Editor’s Note: This story was written by and republished with the permission of Ithaca Week, a weekly magazine produced by the students of the Advanced Multimedia Journalism class at the Roy H. Park School of Communications, Ithaca College.
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The matzah, unleavened bread, and kosher wine are central to the seder dinner that takes place on the first two nights of Passover, a Jewish holiday acknowledging the journey to Israel to escape slavery in Egypt.
Chabad feels the obligation to make the two central items of the seder available to Jewish people, the community and students at Cornell, Rabbi Birk, Chabad’s program director said. Last year the program distributed to about 50 families.
“We give it to anyone Jewish who wants to participate in Passover. Now, most Jews will not get the special shmurah matzah, which is handmade and watched from the time of harvesting to the time of baking,” Rabbi Silberstein, of the Chabad Center, said.
Shmurah is a Hebrew word meaning ‘guarded,’ Rabbi Dovid Birk, said. The matzah is made solely for sacred purposes.
Besides eating matzah, another key component of the Seder is drinking four cups of wine, which, Birk added, is a beloved part of the tradition.
“The formalities [of the seder] ease up throughout the night, you know, through the four cups of wine,” Birk said.
Through funding from the Ithaca Area United Jewish Community (IAUJC) and their own fundraisers, Chabad puts on programs to bring the Jewish community together. One of those programs provides handmade Shmurah matzah to the community for Passover, Rabbi Silberstein of the Chabad center said.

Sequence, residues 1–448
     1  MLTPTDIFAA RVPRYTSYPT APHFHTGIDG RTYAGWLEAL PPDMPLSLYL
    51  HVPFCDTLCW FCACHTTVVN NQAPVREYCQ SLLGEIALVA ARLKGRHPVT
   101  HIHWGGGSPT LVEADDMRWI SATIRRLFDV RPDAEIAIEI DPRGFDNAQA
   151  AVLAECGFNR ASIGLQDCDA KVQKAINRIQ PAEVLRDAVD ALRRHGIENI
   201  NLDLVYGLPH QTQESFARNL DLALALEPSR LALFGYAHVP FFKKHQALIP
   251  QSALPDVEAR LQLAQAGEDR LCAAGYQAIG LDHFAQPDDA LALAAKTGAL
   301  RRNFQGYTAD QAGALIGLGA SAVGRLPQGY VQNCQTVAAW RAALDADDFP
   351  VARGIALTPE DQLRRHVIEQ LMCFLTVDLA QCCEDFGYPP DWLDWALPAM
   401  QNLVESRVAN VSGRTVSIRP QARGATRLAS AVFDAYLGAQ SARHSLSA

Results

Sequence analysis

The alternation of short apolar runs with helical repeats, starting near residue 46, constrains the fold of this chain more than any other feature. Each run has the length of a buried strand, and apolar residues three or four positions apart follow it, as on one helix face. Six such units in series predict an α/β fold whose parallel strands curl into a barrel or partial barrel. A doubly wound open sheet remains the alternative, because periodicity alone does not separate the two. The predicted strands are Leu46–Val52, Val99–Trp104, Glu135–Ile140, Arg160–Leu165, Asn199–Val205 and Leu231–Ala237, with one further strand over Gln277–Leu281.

The IAUJC is a community organization that raises money to help support local Jewish organizations, like Chabad. The purpose of IAUJC is to enrich Jewish life in Ithaca, NY, Howard Erlich, chair of the organization’s allocations committee, said.
The donations increase the feeling of community by providing access to celebrating tradition, Marcia Zax from IAUJC’s board of directors, said.
“Chabad is in the business of helping people observe, and so what Chabad has requested of [IAUJC] is funds to help them do their thing, which in this case is help them afford to distribute wine and matzahs to- frankly to whomever asks for them,” Erlich said.
Another one of Chabad’s goals is to connect the Jewish community with their heritage, Birk explained.
“I think for most Jewish people those two nights [of Passover] are remembered fondly because that’s when the family gets together with the extended family. There’s an order that goes on during the evening, we read from the book called the Haggadah; There’s 15 steps that we follow throughout the night to celebrate the historical celebration of the freedom of the Jewish people as they are freed, the exodus of the Jewish people from Egypt,” Birk said.
The whole story of matzah is based on the Passover story. IAUJC wants to help people fulfill the Mitzvah (a commandment of Jewish faith) of holding the seder, Erlich said.
“In the small towns, in some ways, it’s even more important to try to do things to stimulate Jewish life and so we think we meet an important need in our little corner of the world here,” Erlich said.
This is the second year Chabad has offered this program to the community.